Siemens will open a new 44,000 square-foot locomotive service facility in New Castle, Del., which will operate as its digital service, supply chain, and technical field training hub in the region.
The New Castle team will train service technicians and remotely maintain Siemens locomotives for customers across the United States, including Amtrak, the Maryland Transit Administration and the Southeastern Pennsylvania Transportation Authority. They will remotely collect and analyze over 800 data points that will include information on equipment health, operational metrics and environmental data made available by automatic streaming from the locomotive. The data can help diagnose fleet issues and develop predictive maintenance capabilities.
“When Americans have access to reliable train travel, they tend to take advantage of it. Siemens' new center – right here in New Castle, Delaware - will help make rail service more reliable by using cutting edge technology to service and build new locomotives at a faster pace and higher volume,” said Delaware Senator Tom Carper. “Our nation’s railways are critical elements to our country’s infrastructure system, which helps us to compete and win in the global economy.”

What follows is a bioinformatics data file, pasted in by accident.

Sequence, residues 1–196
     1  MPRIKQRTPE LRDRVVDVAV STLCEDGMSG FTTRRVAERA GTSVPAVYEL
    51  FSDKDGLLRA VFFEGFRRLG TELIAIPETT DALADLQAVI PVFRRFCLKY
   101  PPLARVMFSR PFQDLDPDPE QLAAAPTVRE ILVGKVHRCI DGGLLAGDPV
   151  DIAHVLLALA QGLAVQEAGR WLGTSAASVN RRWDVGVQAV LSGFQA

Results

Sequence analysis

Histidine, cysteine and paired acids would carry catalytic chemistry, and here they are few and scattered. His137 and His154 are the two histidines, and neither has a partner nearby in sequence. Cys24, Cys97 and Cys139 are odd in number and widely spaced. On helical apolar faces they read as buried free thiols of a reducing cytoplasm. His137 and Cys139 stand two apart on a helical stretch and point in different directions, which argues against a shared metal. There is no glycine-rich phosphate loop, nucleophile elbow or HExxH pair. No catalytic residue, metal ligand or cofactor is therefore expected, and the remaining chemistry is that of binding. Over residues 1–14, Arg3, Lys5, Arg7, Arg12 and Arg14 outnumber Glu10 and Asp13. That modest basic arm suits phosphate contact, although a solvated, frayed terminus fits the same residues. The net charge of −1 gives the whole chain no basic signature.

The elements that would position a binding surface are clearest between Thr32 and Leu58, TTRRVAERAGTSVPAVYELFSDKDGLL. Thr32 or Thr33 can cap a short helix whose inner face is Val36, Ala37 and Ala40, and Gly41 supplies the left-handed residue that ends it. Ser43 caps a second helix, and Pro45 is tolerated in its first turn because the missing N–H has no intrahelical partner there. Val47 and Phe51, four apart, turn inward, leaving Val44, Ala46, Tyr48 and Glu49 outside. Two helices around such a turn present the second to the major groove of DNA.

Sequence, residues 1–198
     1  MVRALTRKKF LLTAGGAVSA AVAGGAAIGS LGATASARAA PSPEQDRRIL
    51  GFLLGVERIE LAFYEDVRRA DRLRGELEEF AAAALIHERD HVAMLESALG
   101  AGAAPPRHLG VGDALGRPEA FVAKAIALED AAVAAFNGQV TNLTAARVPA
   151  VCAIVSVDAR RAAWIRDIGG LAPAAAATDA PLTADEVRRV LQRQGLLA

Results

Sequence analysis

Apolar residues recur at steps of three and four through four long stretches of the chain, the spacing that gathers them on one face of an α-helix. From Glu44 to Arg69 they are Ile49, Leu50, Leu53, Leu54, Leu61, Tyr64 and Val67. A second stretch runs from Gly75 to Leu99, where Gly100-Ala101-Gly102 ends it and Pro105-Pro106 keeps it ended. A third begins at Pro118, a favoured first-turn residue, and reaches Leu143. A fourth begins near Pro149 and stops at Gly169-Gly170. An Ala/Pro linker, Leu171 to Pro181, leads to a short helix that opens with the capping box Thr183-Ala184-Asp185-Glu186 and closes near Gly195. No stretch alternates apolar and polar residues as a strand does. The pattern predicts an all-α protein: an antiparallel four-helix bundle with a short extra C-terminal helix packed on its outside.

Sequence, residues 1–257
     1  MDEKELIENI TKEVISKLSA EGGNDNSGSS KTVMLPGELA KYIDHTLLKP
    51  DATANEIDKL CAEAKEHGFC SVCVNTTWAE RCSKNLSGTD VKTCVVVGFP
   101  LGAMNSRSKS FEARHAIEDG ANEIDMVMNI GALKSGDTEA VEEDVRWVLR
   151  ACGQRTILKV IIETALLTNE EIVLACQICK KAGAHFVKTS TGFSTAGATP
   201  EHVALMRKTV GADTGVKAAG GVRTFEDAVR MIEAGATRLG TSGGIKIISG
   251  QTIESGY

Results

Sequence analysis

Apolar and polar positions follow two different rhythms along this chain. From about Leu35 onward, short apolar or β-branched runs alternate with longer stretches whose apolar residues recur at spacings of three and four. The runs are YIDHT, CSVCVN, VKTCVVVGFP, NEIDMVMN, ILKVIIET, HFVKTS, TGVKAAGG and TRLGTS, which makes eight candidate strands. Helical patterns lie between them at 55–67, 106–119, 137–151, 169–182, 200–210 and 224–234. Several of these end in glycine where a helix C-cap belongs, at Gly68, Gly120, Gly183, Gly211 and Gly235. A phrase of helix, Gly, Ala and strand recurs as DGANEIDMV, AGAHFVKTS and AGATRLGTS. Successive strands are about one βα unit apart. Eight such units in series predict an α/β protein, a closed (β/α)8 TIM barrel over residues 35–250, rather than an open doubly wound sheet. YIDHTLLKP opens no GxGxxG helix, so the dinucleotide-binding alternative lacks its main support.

The team will also use virtual reality technology for maintenance training on different locomotive equipment running worldwide, which allows the service technician to virtually stand inside a locomotive and use the handheld controls to work on switches, components and panels.
The new facility will also include a supply chain distribution center to quickly deliver locomotive parts for locomotive customers.
“It’s important to realize that keeping a locomotive running smoothly relies on more the vehicle and rail infrastructure, it’s how you maintain these trains that will keep them running reliably for our customers,” remarked Chris Maynard, vice president of Siemens Mobility Customer Services. “We are bringing the rail industry into the digital era and creating an “Internet of Trains” to ensure locomotives operating across the East Coast and beyond are running as efficiently as possible.”